What is Best for YOU ? During your high school years there is this societal pressure put upon students that it is important to attend a four year university. In school teachers and counselors make it important that students meet their A-G requirements to be eligible to apply to a four year university. In the article “On the Uses of Education: As Lite Entertainment for Bored College Students” by Mark Edmundson he argues how generations of students are soaked up into the consumer culture before going off to school, treated as customers by universities before the date of their arrival (Edmundson 300). Not only is higher education corrupted by entertainment consumer culture mentality that causes colleges to be run like businesses, but alternatives to four year institutions are ignored.
But during this economic recession, college students have been having a difficult time staying in the college path, especially working class students. The lack of moral support from their families prevents these unfortunate students to finish their college education. The increase of college tuition and limited financial aid are causing students to go into debt, making them hesitant whether they should keep studying or not. Also it’s preventing students from picking needed major but because the low paycheck they are not sure if they will be able to be sustained. But college drop outs also can able be due to the unequal college preparation given in high schools.
For the people who don’t interact with people well, college will give you the opportunity to enhance your communication skills for the real world. Now there are also people who decide not to go to college mainly because they can’t afford to go. With the economy today, it is extremely difficult to find a job and earn decent money without a college degree. Even though there are people out there who would like to go to college, it really makes things difficult without having some sort of job to cover your expenses. Another reason why people don’t go to college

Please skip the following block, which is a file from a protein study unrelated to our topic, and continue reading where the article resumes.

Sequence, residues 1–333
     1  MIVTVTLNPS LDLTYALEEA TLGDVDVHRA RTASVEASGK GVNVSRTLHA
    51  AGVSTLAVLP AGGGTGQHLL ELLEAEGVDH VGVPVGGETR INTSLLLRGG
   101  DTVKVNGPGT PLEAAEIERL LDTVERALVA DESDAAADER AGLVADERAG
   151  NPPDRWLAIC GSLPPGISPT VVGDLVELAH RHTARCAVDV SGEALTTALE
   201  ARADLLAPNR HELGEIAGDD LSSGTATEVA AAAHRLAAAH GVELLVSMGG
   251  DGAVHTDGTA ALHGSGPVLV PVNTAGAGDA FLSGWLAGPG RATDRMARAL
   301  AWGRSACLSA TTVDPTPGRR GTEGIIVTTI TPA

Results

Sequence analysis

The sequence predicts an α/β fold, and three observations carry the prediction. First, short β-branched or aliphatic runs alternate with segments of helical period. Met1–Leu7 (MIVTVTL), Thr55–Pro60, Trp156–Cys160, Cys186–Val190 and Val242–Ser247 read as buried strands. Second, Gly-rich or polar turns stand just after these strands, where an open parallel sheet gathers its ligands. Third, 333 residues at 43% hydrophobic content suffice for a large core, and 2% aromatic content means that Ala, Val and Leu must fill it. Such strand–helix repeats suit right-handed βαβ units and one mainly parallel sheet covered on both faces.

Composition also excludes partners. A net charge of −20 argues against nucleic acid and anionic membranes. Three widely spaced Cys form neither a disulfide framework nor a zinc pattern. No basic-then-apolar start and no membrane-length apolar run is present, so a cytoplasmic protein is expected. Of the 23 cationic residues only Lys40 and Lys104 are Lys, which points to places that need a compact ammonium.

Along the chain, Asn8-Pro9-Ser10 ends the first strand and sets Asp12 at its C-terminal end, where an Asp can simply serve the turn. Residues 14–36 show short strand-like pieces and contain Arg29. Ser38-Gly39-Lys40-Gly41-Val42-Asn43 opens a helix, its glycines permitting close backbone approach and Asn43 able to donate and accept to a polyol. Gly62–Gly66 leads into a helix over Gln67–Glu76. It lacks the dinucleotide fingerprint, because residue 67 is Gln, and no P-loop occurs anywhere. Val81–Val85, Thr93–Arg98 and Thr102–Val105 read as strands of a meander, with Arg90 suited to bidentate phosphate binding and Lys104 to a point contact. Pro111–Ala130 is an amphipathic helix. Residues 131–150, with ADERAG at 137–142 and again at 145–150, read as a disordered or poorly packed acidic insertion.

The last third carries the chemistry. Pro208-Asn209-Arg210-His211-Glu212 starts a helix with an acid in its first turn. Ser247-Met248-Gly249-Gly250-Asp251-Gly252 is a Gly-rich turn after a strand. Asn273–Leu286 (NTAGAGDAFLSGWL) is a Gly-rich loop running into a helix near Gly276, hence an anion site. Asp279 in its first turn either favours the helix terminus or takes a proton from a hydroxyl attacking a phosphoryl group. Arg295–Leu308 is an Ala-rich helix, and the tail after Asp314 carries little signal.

While many people in the United States look for higher education after high school, financial barriers are in the way for a lot of these students due to rising college tuition costs. Although these high prices are seen as a negative by most, arguments have been made that they may actually be a good thing. Some say the higher price tag forces (potential) students to not take their education for granted. The opposing side responds with statements saying a lot of people aren’t given a chance and these prices are to far out of their reach. The bottom line is that the high and rising cost of college isn’t a good thing and reduces the amount of qualified workers.
The students who are agonizing the financial difficulties have to search for a job to pay for their collage or support their families. Observably, it is very durable to be focused on both employment and study fields. So, it is very clear that financial expense is the one of the particular reason why college students give up their college education. Most of the high school students admit in a college by thinking of that a college life would be more unrestricted and preferable than their high school lives with parents. Also, they have a conjoint believe that